If you are menopausal, you may experience more frequent urinary tract infections because thinning of the tissues of the vagina and urethra following menopause may make these areas less resistant to bacteria. Hormone replacement (either systemic or vaginal) may help. Discuss this treatment option and the latest research about its risks and benefits with your health care professional, with your personal health history and needs in mind.
Severe kidney infections may require hospitalization and treatment with intravenous antibiotics, especially if nausea, vomiting and fever increase the risk of dehydration and prevent the ability to swallow pills. Kidney infections can require two to six weeks of antibiotic therapy, although if caught early, they may be able to be treated with a 10-day course.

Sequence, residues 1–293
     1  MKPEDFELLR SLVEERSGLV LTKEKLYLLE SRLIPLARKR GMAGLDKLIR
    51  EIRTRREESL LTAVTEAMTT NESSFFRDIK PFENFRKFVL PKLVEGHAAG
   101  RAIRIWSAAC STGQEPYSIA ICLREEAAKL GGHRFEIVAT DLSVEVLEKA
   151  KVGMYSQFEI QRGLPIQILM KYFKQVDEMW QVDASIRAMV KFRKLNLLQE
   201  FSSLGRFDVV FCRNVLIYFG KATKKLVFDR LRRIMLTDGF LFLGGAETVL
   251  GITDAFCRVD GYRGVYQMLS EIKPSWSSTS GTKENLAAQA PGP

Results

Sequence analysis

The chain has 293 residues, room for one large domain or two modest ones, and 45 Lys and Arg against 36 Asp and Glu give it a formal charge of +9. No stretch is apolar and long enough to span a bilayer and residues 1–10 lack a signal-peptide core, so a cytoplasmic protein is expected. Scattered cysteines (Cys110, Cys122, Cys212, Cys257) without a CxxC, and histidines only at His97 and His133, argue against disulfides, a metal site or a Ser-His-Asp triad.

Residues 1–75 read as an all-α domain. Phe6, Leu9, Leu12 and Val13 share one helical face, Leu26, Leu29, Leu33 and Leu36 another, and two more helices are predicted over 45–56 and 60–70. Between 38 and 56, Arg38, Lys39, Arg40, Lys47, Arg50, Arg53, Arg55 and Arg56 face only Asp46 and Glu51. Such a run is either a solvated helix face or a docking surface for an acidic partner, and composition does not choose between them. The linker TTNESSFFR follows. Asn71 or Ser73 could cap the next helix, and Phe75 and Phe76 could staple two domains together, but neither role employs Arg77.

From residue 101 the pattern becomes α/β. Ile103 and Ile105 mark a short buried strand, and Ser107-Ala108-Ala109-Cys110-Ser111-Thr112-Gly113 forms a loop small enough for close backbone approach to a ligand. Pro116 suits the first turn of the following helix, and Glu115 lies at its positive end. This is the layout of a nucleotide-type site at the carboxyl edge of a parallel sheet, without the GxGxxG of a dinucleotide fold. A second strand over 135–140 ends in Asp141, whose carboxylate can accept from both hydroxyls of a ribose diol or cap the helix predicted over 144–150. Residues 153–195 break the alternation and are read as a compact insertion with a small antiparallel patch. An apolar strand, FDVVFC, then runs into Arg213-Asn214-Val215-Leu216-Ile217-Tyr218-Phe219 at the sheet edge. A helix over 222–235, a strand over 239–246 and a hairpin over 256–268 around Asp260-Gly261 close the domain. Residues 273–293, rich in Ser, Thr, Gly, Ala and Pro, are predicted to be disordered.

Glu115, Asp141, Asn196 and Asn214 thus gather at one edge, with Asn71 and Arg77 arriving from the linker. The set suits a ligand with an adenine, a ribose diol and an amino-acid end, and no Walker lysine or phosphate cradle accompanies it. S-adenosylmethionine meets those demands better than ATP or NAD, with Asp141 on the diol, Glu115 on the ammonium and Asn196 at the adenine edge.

In addition to taking your medication, your health care professional may recommend drinking plenty of fluid (the equivalent of six to eight 8-ounce glasses a day) to help flush the urinary tract, and to avoid foods and beverages that can irritate the urinary tract, such as coffee and alcohol. A heating pad may also help to temporarily relieve pain.
After you've completed your course of medication, your health care professional also may suggest a follow-up urine test.